“The same year I went on my first hunger strike, I lost my income as a priest. I wanted to start a new job in Australia, so I resigned from my post. However, I needed a letter of recommendation to start my new job .

“The letter I originally promised never came and I haven’t been able to work as a priest since,” says Rev. Major.

She then decided to sue the church for loss of income. The matter is still in court.

“What annoys me is that the archbishop speaks out against sexual and gender-based violence and patriarchy, but the reason I am where I am is because of the inaction of the church.

“It’s sad that as a woman you have to be so extreme and put your body in danger, but I had to speak to Makgoba to know what he would do about it [the rape case] and calling for an internal investigation and some kind of justice, “she says.

What the Church Says

Six days after the Rev Major hunger strike, she agreed to break it off after meeting Archbishop Makgoba.

He told her to make her claims in writing via email.

“The following Monday the archbishop replied that they would initiate a disciplinary hearing and contact the prosecutor in the city where the rape took place to reopen the case. I stopped my hunger strike because of that.”

Image rightsHenry PrinceImage descriptionArchbishop Thabo Makgoba (second L) met Reverend Major (third R) several times during her hunger strike in 2020

The Church emailed her saying it was “obliged to see that the matter is treated with the seriousness it deserves”.

On its website, the Anglican Church of South Africa set out the standards expected of clergymen and ministers in 2002. This was intended to “address the many forms of abuse of power that frequently affected women and children”.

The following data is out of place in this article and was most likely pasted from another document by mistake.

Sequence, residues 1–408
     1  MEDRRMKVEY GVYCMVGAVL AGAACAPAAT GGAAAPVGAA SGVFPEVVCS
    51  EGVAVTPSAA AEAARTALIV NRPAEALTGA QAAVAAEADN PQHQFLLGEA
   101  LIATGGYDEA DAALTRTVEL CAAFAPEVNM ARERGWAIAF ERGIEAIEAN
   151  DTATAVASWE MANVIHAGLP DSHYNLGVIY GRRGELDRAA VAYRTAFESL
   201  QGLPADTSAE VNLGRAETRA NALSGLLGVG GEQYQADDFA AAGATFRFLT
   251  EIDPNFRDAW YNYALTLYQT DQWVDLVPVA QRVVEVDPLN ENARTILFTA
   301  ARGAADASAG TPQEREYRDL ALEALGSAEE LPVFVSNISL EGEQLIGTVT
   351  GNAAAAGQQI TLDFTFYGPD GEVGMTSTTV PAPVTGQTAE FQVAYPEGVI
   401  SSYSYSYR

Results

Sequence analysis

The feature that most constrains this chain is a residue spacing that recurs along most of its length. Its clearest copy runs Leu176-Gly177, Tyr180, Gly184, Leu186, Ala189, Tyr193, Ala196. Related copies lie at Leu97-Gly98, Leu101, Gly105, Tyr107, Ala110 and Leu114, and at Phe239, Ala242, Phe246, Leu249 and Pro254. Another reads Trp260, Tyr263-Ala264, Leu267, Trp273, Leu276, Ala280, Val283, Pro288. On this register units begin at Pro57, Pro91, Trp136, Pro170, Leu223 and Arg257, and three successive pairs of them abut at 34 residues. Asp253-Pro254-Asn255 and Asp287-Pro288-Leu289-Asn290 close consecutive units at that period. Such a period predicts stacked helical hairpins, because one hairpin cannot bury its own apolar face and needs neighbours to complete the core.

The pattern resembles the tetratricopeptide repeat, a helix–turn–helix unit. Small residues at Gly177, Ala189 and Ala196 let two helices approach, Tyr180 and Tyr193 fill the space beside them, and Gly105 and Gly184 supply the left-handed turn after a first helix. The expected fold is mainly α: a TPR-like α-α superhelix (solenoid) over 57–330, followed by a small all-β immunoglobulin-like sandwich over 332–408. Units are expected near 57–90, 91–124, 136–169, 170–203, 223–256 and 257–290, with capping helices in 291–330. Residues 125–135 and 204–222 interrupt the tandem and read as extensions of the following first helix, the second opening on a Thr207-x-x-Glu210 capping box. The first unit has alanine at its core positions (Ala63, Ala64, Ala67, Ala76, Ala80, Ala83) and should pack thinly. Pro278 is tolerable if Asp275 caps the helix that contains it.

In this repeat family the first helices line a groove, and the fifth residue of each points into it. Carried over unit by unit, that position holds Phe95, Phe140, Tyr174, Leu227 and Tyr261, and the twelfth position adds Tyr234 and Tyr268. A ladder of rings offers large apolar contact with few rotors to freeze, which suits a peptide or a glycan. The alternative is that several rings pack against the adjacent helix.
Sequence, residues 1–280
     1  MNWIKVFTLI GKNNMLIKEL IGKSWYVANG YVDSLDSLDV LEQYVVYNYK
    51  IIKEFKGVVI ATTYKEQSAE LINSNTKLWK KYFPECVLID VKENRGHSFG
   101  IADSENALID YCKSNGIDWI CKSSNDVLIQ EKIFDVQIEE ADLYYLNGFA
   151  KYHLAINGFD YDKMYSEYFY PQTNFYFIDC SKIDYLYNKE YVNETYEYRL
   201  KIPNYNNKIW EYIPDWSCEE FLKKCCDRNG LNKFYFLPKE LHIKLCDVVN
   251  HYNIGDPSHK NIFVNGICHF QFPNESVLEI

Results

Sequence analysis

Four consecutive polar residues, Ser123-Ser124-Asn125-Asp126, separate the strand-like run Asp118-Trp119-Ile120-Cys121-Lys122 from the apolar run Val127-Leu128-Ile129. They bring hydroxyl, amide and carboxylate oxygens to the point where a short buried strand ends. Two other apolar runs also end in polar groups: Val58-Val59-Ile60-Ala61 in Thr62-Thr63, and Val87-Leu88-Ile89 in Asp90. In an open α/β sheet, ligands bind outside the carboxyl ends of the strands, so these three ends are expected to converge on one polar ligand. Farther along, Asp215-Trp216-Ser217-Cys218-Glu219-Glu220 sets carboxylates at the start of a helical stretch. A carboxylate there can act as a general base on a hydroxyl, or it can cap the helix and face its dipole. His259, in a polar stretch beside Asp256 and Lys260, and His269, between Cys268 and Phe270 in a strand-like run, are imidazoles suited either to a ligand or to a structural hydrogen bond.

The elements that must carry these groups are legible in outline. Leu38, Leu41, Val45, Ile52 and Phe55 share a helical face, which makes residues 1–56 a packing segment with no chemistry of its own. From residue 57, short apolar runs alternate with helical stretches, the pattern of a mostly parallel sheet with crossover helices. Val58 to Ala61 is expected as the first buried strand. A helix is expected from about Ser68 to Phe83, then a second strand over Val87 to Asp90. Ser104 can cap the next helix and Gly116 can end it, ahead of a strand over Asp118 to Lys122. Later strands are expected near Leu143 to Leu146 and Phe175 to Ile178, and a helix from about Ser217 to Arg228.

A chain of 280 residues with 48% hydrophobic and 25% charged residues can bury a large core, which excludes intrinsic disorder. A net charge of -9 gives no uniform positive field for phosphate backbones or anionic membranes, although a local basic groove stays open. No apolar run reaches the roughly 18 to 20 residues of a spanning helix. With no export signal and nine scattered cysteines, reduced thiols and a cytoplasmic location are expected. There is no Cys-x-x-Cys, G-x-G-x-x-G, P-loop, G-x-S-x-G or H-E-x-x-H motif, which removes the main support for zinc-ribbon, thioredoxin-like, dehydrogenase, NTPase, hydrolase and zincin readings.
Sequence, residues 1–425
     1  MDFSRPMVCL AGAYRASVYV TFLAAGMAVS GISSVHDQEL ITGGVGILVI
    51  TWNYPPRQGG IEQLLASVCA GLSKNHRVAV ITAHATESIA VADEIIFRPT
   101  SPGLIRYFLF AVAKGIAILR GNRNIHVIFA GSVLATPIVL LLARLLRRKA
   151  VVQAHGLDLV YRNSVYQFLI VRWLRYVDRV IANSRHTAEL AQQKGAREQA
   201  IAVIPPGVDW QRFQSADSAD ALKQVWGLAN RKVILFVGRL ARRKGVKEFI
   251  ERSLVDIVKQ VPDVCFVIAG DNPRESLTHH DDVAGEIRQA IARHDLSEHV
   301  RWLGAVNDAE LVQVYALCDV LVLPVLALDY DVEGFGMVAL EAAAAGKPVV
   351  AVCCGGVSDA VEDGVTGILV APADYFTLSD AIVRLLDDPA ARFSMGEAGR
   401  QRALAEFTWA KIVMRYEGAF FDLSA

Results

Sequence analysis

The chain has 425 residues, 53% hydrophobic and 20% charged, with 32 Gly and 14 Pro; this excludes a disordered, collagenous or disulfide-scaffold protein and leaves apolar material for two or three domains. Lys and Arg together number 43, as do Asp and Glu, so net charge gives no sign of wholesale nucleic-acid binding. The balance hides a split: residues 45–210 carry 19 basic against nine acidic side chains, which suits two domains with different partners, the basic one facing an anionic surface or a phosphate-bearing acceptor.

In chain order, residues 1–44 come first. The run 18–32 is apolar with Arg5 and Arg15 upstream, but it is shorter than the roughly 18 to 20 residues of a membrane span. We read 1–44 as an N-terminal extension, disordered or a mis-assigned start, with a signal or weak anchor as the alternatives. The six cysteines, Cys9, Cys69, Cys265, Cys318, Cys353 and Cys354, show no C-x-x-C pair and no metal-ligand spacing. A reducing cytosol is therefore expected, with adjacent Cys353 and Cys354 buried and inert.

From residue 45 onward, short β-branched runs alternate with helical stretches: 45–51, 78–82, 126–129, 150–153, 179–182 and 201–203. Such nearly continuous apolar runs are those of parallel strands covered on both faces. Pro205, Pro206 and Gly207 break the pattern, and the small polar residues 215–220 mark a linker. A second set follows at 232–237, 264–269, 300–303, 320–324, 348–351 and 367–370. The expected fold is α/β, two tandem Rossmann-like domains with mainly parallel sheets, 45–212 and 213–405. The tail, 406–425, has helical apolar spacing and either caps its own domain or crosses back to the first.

In 2018 a framework was put in place to address grievances and “create a safe church, and in 2019 he committed to creating spaces for justice and restoration to take place”.

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Two years later, the Rev. Major and other gender activists hung underwear on the archbishop’s gate to protest a conflict of interest among members of the Safe Churches Committee, who are also members of the Anglican Church tasked with investigating their case.

In a statement posted on their Facebook page, the Rev. Major said, “I believe that an investigation conducted by individuals who are on and targeted by the Church payroll would only serve to further harass me . ”

She wants the investigation to be carried out by an independent body. She resolved this with the church and agreed to continue the process.

The Church released its own statement that the Rev. Major was free to hire lawyers and that the Church would even be willing to help her get assistance if she deems it necessary.

Additionally, the Church says that in response to Rev. Major’s concerns, it has “added a reputable part-time commissioner from the Gender Commission to the panel to investigate.” [Major’s] Complaint. Hopefully this will give her an extra level of confidence and comfort in the process. “

Previous allegations

The Anglican Church in South Africa has faced several cases of sexual misconduct by its priests.

Image rightsAFPImage descriptionArchbishop Makgoba has acknowledged that Church members had previously been charged with sexual abuse. In 2018, award-winning South African author Ishtiyaq Shukri wrote in an open letter that he was exposed to years of sexual abuse by Anglican priests as a child. Archbishop Makgoba apologized on behalf of the Church for what he called past mistakes and for failing to address allegations of sexual abuse. Days later, he revealed that several other victims had come forward accusing some Church priests of sexual abuse.

The Church has also announced other cases that are being investigated.

The Rev. Major has said that she is open to going through the Anglican investigative process.

In a statement, she said it was important to her and to the church that justice be served.

She said she has often considered pursuing the matter in court rather than in church, “but God called my life in the Anglican Church and I believe He still calls me to be His humble servant too serve.”